Light your way through the winter nights with dark driving tips from Hine

October signals the turning back of the clocks, with darker nights catching out everyone from those on the school run to commuters caught in the evening rush hour traffic. 

The National Highway Traffic Safety Association noted that fatalities are three times higher on the road at night than they are during the day.

When the UK Government first toyed with the idea of putting clocks forward an hour to bring us in line with continental time back in 2011, the Department for Transport was one of the idea’s strongest advocates, claiming it would cut road deaths by 80 a year.

With no firm plans confirmed, and the year’s long darks nights stretching before us, the Chartered Brokers at Hine have come up with some tips to ensure you can help yourself and other drivers remain safe on the road at night.

1. The smaller hours – In winter, 6pm may as well be the dead of night in terms of visibility. Of course if you are driving at more unsociable hours when your body is normally sleeping, you need to be more alert to the warning signs of tiredness. Plan your route well so you’re not spending longer than necessary behind the wheel, share the driving if you can, and if you start to feel too tired, pull over for a coffee as soon as soon as possible to prevent the danger of falling asleep at the wheel.

2. Inside lights – It’s not just your headlights you need to focus on, but those within your vehicle. Many newer cars will have a function which automatically dims the lights on your dashboard so that brighter internal lights won’t affect your forward vision, but if not then you can consult your manual to see if these can be adjusted.

3. Headlights – These need to be clean, angled right, and in full working order. Position them at a level which gives you the best view of the road but not so high that they dazzle other drivers. These can be adjusted either with mechanisms within the car or by consulting your manual.

Accidents can be caused in the event of simple mistaken identity, when another motorist mistakes a car for a motorbike because one of their lights are out, for example.

4. Be aware of wildlife – They don’t expect to see you, but you can expect to see them, especially on rural roads. Animals can be spotted up ahead with the reflection on their retinas, which will appear as two unmistakeable bright dots in the darkness. Swerving to avoid may cause a far worse accident, so slow down as best you can but be prepared that you may hit the animal ahead.

5. Focus – Focus on the road and not oncoming lights. It’s easy to be distracted but it’s vital to stay focused on what’s ahead, especially as a concentration of bright light is detrimental to your onward vision. If the car behind has bright lights then you can move your rear view mirror to deflect the glare.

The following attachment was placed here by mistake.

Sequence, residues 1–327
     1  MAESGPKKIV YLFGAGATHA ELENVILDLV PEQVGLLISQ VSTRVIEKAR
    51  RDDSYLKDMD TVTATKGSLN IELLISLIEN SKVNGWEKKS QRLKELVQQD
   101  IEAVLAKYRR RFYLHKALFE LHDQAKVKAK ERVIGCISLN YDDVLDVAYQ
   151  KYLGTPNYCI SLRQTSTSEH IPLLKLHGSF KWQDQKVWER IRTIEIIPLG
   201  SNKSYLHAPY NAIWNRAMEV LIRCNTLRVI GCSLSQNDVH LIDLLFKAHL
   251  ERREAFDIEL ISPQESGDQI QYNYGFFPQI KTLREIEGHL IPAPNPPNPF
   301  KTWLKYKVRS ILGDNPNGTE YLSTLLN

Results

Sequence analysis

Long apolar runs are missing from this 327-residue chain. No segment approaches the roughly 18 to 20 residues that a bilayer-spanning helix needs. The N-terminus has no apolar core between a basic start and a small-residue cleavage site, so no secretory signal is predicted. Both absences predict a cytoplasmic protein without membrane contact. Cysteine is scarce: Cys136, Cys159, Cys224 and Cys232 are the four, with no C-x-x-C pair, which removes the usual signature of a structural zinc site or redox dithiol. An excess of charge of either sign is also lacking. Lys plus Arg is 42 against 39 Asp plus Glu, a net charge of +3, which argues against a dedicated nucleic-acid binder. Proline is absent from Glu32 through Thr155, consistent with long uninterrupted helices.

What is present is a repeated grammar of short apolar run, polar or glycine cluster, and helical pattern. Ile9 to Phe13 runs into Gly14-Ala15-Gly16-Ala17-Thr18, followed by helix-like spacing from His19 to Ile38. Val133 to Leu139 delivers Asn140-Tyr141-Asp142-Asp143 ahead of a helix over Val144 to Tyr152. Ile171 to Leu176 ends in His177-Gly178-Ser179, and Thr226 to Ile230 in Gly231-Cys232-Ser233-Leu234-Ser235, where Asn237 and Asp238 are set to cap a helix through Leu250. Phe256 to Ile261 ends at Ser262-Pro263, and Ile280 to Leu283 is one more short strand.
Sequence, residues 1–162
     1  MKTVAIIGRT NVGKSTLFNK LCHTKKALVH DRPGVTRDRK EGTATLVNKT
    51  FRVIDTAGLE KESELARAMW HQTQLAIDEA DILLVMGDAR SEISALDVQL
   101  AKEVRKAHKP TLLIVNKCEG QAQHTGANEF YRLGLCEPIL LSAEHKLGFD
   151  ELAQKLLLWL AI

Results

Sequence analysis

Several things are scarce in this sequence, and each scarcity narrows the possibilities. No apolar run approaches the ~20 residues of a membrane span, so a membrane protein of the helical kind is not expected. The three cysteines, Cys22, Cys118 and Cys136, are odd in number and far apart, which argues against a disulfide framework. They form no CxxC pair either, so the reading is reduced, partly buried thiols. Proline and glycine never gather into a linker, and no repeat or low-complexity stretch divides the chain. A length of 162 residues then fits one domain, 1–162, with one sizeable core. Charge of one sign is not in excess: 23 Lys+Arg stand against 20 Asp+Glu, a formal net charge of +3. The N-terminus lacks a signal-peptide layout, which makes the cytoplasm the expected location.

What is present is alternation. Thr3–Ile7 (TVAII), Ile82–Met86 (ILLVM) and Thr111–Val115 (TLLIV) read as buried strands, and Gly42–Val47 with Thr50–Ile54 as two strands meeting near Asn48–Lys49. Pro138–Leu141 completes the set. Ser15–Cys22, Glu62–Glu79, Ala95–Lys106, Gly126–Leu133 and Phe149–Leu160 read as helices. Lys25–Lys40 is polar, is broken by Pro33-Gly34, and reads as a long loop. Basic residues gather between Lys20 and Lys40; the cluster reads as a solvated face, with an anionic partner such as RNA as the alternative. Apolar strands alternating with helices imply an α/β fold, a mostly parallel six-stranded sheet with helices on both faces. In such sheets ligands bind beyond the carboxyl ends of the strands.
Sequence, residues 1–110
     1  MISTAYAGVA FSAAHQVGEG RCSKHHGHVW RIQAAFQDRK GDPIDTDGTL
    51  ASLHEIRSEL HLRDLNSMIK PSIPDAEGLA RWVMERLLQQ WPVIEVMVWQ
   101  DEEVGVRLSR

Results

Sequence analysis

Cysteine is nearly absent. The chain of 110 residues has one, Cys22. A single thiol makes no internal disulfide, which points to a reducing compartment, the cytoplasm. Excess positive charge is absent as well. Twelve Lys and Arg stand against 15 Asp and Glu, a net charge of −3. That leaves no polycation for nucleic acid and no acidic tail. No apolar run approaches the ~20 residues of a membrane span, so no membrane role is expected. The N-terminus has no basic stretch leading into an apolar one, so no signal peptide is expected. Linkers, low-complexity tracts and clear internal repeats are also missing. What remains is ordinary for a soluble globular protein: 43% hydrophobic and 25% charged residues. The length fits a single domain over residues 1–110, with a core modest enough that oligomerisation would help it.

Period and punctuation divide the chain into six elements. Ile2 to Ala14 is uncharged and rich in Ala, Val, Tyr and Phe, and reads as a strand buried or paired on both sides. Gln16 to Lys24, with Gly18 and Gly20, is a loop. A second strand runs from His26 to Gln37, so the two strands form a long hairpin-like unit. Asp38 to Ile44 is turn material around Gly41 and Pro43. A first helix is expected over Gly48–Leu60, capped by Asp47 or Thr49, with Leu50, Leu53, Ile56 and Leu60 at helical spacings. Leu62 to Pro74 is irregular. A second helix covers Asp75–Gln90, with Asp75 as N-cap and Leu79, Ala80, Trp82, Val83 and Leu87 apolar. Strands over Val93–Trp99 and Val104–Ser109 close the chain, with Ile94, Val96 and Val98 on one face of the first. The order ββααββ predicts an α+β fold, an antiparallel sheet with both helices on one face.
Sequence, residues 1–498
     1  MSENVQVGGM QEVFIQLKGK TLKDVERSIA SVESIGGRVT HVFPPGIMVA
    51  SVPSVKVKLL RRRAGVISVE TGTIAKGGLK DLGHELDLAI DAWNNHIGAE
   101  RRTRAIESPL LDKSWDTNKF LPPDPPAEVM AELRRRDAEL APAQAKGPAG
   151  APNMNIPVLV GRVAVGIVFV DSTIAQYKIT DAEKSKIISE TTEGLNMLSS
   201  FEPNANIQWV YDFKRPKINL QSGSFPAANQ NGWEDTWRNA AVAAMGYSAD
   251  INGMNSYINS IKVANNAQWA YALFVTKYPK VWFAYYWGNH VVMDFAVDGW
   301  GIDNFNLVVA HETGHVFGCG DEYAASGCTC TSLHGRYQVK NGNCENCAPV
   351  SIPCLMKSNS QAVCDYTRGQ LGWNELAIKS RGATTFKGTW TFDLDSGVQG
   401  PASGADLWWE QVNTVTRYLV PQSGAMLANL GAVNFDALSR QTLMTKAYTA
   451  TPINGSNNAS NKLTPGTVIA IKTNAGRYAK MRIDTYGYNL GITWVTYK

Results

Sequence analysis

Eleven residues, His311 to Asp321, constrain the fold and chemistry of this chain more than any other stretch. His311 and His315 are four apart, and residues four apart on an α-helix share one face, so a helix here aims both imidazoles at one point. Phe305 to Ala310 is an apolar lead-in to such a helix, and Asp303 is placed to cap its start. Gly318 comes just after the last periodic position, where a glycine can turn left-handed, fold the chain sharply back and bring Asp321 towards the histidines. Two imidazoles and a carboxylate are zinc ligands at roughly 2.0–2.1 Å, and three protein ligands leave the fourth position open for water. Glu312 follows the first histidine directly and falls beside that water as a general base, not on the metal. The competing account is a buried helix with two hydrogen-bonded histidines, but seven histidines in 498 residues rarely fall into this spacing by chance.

6. But don’t zone out – It can be all too easy to fall into a trance-like state when your field of vision is limited by darkness, but this can cause a lapse in concentration. Try not to become fixated on one thing, such as the lines on the road, and focus on different things ahead while still looking at the road to stop your eyes getting tired.

7. Make the most of limited visibility – Clean your windscreen so that any smudges that aren’t visible during the day are not impairing your vision at night. Keep a cotton or microfiber cloth in your door pocket for times when you need to defog your windows. If you’re unsure of light levels, it’s best to put your headlights on. This is more for the benefit of other drivers who may otherwise be struggling to see you, rather than a way of lighting the road ahead.

8. Check your speed – If you don’t know the roads then drive at a speed you’re comfortable with – one that’s well within the limits. The national speed limit on country roads is 60mph, but that doesn’t mean it’s advisable to drive at that speed, as this would be far too fast to safely corner round sharp and unexpected bends in the road.

9. Be wary of other drivers – Dip your lights when passing or driving behind other drivers, and be prepared for the fact that there may be more drivers on the road who are tired or have been drinking.

10. Take extra precautions – If you break down, equipment such as a warning triangle and a high vis jacket are always useful to have in your car, so you can be more visible by the side of the road until help has arrived.

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